Meeting News

Same candidates qualify for LASIK or SMILE

John F. Doane

WASHINGTON — A patient who is a LASIK candidate is also a SMILE candidate, according to a speaker here.

Conversely, a patient who is not a LASIK candidate should not be considered for a SMILE procedure, John F. Doane, MD, FACS, said at Refractive Day during the American Society of Cataract and Refractive Surgery meeting.

“[Small incision lenticule extraction] is a totally new procedure — different than LASIK, different than PRK,” Doane said, giving his pearls for surgeons new to the procedure.

Unlike the more vertical approach to LASIK, the approach to SMILE is more horizontal and the surgeon is working in a pocket, so the first task for the surgeon is to understand the anatomy and to identify anterior and posterior interfaces before dissection.

“Two things are very important. Understand where that side cut of the cornea epithelium is, and you also have to realize where the edge of the lenticule is. Once you find those two spots, specifically the edge of the lenticule and find the anterior and posterior, now it’s a very easy procedure,” he said.

Another pearl is to start with higher myopes.

“This is counterintuitive with PRK and LASIK, where you start with the lowers and work your way up. It’s opposite here, mainly because of tissue constraints,” Doane said.

Finally, Doane said surgeons should be cautious. Even though peer-reviewed literature reports SMILE has less effect on biomechanical structural integrity, “this does not mean one can treat early forme fruste keratoconus or pellucid with impunity. If a patient is a LASIK candidate, they are certainly a SMILE candidate,” he said. by Patricia Nale, ELS

 

Reference:

Doane JF. Five pearls for SMILE. Presented at: American Society of Cataract and Refractive Surgery annual meeting; April 13-17, 2018; Washington.

 

Disclosure: Doane reports he has a financial interest in Carl Zeiss Meditec, Presbyopia Therapies and RxSight.

John F. Doane

WASHINGTON — A patient who is a LASIK candidate is also a SMILE candidate, according to a speaker here.

Conversely, a patient who is not a LASIK candidate should not be considered for a SMILE procedure, John F. Doane, MD, FACS, said at Refractive Day during the American Society of Cataract and Refractive Surgery meeting.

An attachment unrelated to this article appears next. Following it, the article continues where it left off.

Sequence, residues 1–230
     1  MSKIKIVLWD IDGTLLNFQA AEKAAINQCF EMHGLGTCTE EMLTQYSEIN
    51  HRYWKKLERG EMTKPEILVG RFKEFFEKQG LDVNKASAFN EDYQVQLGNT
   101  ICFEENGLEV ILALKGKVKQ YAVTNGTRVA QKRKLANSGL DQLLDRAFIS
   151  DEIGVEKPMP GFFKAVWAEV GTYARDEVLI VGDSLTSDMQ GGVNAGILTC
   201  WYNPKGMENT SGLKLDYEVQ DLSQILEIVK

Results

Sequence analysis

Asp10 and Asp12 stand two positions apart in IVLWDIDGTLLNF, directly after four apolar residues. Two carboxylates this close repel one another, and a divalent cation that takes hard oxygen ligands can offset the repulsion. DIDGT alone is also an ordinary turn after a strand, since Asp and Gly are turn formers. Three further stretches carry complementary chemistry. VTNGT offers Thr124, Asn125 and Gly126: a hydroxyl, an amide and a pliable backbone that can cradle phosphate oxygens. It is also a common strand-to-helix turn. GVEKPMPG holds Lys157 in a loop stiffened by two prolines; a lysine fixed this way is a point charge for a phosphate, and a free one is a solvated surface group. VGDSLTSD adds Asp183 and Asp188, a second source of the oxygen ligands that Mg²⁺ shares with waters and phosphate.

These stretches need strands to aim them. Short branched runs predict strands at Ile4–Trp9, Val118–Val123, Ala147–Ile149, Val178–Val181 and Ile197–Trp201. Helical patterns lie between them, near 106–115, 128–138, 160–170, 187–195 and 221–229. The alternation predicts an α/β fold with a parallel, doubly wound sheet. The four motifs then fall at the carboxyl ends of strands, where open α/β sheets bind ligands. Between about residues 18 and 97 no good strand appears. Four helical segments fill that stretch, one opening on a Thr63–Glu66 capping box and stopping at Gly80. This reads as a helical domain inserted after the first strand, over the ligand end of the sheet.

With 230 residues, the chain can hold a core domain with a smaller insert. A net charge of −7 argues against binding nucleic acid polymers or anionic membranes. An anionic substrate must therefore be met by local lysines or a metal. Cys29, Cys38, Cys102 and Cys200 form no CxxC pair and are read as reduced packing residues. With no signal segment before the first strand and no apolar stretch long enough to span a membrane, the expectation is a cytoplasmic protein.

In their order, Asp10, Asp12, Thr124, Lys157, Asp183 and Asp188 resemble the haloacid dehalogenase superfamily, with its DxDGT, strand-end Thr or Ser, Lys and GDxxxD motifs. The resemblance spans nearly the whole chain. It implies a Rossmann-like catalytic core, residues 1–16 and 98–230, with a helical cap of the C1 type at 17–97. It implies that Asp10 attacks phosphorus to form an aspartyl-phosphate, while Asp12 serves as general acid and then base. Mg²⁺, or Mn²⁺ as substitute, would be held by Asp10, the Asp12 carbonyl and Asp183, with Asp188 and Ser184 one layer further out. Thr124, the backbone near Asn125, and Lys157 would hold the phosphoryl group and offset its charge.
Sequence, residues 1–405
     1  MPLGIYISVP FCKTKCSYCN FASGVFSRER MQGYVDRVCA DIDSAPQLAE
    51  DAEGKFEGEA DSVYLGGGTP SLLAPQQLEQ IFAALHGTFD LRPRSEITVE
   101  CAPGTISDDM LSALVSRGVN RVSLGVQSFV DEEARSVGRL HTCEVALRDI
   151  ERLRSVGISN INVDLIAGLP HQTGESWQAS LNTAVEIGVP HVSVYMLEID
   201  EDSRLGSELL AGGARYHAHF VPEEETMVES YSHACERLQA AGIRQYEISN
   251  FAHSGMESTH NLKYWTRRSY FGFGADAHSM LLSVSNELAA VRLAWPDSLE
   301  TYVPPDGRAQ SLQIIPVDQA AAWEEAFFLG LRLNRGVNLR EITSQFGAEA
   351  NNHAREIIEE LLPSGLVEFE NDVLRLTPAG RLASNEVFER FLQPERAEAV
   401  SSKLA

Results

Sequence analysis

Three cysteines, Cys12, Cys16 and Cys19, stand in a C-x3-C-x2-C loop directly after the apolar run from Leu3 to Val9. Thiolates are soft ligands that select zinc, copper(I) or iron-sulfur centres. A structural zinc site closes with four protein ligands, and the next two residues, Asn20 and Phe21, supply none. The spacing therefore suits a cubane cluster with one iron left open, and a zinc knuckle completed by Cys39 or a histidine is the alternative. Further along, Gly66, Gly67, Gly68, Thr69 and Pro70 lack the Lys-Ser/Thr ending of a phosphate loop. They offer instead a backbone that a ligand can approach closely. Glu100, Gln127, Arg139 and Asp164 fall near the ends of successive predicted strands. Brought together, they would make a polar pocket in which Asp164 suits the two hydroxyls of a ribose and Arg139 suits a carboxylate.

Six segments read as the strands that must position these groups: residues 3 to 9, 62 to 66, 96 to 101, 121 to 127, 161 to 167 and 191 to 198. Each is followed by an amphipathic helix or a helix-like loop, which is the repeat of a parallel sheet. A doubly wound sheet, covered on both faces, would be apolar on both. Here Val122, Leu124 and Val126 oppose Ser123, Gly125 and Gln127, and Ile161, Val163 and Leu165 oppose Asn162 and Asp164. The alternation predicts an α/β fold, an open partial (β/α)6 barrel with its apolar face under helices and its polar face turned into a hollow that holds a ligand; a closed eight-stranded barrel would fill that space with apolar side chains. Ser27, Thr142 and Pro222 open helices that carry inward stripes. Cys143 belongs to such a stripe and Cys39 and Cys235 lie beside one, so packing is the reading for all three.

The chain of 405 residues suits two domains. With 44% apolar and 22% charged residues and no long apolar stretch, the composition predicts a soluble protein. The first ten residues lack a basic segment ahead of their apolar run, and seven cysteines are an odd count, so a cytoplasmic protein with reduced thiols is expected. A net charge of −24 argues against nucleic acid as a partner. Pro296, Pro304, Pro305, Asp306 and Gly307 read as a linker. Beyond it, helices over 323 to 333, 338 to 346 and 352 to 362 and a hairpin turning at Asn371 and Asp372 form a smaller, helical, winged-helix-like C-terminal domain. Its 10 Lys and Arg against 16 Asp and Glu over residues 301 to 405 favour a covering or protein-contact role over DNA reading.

“[Small incision lenticule extraction] is a totally new procedure — different than LASIK, different than PRK,” Doane said, giving his pearls for surgeons new to the procedure.

Unlike the more vertical approach to LASIK, the approach to SMILE is more horizontal and the surgeon is working in a pocket, so the first task for the surgeon is to understand the anatomy and to identify anterior and posterior interfaces before dissection.

“Two things are very important. Understand where that side cut of the cornea epithelium is, and you also have to realize where the edge of the lenticule is. Once you find those two spots, specifically the edge of the lenticule and find the anterior and posterior, now it’s a very easy procedure,” he said.

Another pearl is to start with higher myopes.

“This is counterintuitive with PRK and LASIK, where you start with the lowers and work your way up. It’s opposite here, mainly because of tissue constraints,” Doane said.

Finally, Doane said surgeons should be cautious. Even though peer-reviewed literature reports SMILE has less effect on biomechanical structural integrity, “this does not mean one can treat early forme fruste keratoconus or pellucid with impunity. If a patient is a LASIK candidate, they are certainly a SMILE candidate,” he said. by Patricia Nale, ELS

 

Reference:

Doane JF. Five pearls for SMILE. Presented at: American Society of Cataract and Refractive Surgery annual meeting; April 13-17, 2018; Washington.

 

Disclosure: Doane reports he has a financial interest in Carl Zeiss Meditec, Presbyopia Therapies and RxSight.

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